NORTH Sea heavyweight Premier Oil is trying to cut the price it will have to pay BP regarding a bumper North Sea deal as the fallout from the coronavirus poses huge challenges for firms operating in the area.

Premier agreed in January to acquire stakes in the Andrew area cluster of fields and the Shearwater development from BP for $625 million (£510m) weeks before the oil price went into freefall as the spread of the coronavirus hammered demand for crude.

The company has been under pressure to scrap the deal from a dissident investor but has appeared determined to press on.

Have big oil firms really got the message on climate change?

However, chief executive Tony Durrant yesterday told Reuters that Premier has asked BP to cut the price of the two fields.

In an update on trading Premier said it would re-engage with stakeholders about the proposed deal and related financing arrangements citing “the ongoing weak oil price environment”.

The talks with stakeholders will also cover a deal to buy a stake in the Tolmount gas field from Dana Petroleum for up to around $250m that was struck at the same time as the agreement with BP.

Premier did not elaborate on what the re-engagement will involve. The company still needs to obtain shareholder approval for the deals with BP and Korean-owned Dana.

It may be prepared to modify its plans to increase its chances of winning the required backing.

Hong Kong-based Asia Research and Capital Management (ARCM) has tried to drum up opposition to the acquisitions, which it reckons were based on over-optimistic assumptions.The hedge fund, which is Premier’s biggest creditor, has said the company should focus on reducing its debts.

North Sea heavyweight wins court victory in contested plan to ramp up expansion

Premier’s experience reflects the dramatic deterioration in trading conditions in the North Sea triggered by the oil price fall.

At the turn of the year the North Sea industry appeared to be established on the road to recovery from the downturn triggered by the crude price plunge that started in 2014.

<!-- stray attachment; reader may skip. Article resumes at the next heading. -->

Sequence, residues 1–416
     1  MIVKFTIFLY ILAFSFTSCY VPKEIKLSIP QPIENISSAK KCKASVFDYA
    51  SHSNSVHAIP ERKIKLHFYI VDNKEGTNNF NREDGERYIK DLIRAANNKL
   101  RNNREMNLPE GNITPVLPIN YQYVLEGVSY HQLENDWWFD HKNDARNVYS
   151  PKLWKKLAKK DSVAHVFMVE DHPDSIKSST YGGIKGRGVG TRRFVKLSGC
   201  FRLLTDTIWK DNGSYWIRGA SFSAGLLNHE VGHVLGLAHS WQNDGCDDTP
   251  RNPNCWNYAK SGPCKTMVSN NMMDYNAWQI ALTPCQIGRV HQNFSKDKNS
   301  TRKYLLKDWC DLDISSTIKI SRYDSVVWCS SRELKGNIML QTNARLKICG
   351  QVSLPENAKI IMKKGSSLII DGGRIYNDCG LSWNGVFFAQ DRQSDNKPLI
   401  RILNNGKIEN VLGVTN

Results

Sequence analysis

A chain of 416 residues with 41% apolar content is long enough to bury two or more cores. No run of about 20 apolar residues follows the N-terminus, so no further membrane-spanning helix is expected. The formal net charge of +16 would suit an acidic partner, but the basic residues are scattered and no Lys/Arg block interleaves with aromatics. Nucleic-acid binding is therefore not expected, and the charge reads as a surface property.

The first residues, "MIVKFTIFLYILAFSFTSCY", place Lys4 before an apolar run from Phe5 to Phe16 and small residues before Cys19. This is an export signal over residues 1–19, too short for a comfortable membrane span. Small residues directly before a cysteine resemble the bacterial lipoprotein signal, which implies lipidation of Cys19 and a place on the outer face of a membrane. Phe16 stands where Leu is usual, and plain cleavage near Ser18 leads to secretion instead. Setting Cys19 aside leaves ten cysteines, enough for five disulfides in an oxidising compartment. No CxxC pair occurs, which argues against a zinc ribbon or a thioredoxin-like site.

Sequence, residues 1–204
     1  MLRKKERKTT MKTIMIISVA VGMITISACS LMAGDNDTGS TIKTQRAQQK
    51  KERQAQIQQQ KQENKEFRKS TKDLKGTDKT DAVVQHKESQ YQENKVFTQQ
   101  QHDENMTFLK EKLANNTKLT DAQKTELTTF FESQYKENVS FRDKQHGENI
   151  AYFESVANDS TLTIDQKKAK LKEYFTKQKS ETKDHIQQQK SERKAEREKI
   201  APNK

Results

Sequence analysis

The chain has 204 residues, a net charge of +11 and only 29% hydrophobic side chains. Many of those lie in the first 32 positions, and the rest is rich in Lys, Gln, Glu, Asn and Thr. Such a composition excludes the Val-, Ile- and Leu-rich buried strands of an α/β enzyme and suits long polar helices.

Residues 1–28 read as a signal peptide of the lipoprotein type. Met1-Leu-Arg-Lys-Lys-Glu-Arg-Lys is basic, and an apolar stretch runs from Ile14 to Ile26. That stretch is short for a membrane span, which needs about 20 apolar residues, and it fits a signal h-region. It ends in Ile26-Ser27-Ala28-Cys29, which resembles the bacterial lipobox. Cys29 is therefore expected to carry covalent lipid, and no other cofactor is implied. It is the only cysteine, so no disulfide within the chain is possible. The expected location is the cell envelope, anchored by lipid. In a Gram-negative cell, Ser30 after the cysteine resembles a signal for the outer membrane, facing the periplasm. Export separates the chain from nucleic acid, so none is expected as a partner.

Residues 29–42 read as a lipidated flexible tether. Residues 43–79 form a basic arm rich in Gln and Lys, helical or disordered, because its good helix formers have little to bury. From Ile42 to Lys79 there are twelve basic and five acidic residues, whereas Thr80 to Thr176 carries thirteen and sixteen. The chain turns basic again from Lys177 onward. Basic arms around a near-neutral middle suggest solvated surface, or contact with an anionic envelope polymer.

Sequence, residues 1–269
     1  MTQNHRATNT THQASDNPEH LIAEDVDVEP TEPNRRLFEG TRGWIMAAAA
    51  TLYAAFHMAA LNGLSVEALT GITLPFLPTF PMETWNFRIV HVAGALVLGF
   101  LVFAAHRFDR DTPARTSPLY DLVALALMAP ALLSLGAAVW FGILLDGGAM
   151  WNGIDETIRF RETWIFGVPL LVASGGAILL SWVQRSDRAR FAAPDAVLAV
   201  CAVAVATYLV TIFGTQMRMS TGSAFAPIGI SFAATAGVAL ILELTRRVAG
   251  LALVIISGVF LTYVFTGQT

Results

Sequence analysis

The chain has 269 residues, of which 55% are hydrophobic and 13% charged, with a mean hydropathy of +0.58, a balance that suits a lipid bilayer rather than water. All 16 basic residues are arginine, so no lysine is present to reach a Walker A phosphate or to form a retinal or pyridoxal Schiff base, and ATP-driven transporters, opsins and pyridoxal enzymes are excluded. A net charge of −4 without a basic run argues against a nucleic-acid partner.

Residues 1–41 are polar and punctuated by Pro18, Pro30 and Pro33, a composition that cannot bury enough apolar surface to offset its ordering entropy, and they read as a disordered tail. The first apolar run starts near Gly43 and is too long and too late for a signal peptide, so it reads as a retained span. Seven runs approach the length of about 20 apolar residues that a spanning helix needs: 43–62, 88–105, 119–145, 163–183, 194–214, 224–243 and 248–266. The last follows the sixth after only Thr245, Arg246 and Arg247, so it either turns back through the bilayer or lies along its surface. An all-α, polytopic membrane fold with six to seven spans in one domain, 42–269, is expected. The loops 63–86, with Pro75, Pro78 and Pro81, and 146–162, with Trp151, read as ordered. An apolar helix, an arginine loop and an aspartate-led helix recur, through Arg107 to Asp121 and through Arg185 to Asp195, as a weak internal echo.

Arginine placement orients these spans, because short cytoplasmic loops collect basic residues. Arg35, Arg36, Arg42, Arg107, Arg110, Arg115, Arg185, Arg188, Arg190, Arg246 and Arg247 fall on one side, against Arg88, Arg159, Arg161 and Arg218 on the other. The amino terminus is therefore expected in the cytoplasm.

Premier was one of a number of independents that were eyeing expansion in the area.

However, a trading update from Premier yesterday made clear that the company’s focus has shifted to conserving cash.

The company expects to cut budgeted running costs by around $100m.

Capital expenditure on new assets is set to fall by $140m to $330m.

The update also highlights the logistical challenges that oil and gas firms are facing in the North Sea as a result of the coronavirus.

The expected start of production from Tolmount has been pushed back from later this year to the second quarter of 2021.

The delay follows a temporary lockdown at the yard where the platform that will be used on the field will be built.

With other firms that operate North Sea oil and gas firms also slashing spending the outlook for the supply chain is bleak.

North Sea at 'breaking point' as oil price turns negative in US 

Premier’s chief executive Tony Durrant said the cost-cutting combined with the impact of hedging deals that offset the impact of the oil price fall should help the company to break even “broadly” in cash terms this year.

The group reckons it currently retains adequate liquidity. However, Premier said it has entered discussions with its lending group with a view to potentially securing waivers from some of the covenants attached to borrowings.

The company had net debt of $1.91 billion at April 30, compared with $1.99bn at December 31.

Last month Premier won court approval for the schemes of arrangement related to the planned North Sea acquisitions. ARCM has appealed against the court’s decision.

It has been holding a short position that has allowed it to benefit from a fall in Premier’s share price.

Premier Oil shares closed up 0.69p at 27.69p yesterday. They sold for 118p in January.